Coreoidea Species File (Version 5.0/5.0)
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Content:  Noun in apposition, given for Excalibur, the mythical “sword in the stone” which was first described in the epic poem Merlin (about the mythical advisor to King Arthur), written by the French poet Robert de Boron sometime between 1195–1210 (Reeve and Wright 2007) which was a reworking of Geoffrey of Monmouth’s “Historia Regum Britanniae”, completed c. 1138 (Wright 1985). Within this poem is the first mention of Excalibur being the sword in the stone, which could only be removed by the true king of England. We felt that this specific epithet was fitting as this group of insects with exaggerated antennae were first described as a possible “double edged sword in evolution” as these elaborate antennae went extinct (Du et al. 2021). We felt this witty description, coupled with the insect being trapped in stone (amber) was fitting for such a long lost, and therefore mythical species.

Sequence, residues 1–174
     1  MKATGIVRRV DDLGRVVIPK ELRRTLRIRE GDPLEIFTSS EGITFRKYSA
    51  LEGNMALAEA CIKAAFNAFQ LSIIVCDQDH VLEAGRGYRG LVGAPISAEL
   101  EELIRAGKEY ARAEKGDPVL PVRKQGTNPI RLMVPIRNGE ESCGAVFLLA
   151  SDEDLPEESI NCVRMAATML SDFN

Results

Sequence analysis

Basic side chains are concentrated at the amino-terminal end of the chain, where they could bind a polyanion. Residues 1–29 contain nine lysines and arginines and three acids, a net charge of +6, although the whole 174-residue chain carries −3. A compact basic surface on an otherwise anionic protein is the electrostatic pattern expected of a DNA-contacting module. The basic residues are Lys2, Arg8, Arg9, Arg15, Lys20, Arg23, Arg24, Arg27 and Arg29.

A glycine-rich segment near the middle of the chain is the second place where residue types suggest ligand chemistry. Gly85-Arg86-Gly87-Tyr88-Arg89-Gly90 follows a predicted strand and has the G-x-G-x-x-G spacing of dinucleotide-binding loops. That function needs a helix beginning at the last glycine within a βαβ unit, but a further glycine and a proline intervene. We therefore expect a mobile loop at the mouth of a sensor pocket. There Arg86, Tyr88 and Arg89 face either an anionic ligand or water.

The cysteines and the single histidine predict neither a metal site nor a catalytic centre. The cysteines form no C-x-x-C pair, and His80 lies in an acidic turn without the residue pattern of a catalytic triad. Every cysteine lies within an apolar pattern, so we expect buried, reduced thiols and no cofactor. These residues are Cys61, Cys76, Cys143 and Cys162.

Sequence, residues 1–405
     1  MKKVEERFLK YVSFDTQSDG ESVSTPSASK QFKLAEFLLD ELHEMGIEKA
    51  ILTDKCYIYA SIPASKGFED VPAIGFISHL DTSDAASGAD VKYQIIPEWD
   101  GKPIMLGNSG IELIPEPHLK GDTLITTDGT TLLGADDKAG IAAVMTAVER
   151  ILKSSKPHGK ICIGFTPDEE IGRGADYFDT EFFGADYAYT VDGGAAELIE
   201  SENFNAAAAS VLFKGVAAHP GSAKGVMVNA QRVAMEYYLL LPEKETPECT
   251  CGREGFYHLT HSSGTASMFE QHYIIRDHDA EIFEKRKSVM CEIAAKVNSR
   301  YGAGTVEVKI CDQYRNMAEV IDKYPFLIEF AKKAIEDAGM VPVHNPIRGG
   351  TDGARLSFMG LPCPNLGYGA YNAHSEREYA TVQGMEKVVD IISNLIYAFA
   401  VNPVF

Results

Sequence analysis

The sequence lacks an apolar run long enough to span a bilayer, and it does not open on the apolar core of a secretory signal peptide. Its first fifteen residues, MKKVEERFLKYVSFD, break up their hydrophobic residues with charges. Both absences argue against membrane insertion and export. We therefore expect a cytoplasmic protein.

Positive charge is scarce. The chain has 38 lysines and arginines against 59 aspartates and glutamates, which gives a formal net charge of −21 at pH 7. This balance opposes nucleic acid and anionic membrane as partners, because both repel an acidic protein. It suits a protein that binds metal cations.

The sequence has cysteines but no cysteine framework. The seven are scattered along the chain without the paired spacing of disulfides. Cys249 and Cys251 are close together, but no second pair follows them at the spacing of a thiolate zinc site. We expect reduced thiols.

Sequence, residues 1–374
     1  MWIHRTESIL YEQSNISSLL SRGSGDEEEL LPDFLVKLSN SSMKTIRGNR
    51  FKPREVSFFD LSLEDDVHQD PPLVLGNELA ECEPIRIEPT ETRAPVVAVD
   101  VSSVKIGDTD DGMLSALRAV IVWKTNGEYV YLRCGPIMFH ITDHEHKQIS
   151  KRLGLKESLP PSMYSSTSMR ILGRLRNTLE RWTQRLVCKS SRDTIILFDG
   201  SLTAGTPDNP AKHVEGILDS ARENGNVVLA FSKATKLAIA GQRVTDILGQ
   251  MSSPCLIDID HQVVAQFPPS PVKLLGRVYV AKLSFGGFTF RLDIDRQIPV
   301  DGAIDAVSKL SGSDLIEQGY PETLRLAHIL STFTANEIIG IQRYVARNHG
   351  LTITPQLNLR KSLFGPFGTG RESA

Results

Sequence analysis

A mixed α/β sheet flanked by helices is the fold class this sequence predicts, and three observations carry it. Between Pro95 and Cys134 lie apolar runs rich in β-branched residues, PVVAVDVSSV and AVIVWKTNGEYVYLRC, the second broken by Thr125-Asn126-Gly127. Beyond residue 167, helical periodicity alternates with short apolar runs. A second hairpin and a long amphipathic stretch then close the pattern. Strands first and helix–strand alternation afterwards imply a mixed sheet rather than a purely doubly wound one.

Source of information:  Cumming & Le Tirant. 2021. Drawing the Excalibur bug from the stone: adding credibility to the double-edged sword hypothesis of coreid evolution (Hemiptera, Coreidae). ZooKeys. 1043:117–131

Date last modified:  Monday, August 14, 2023

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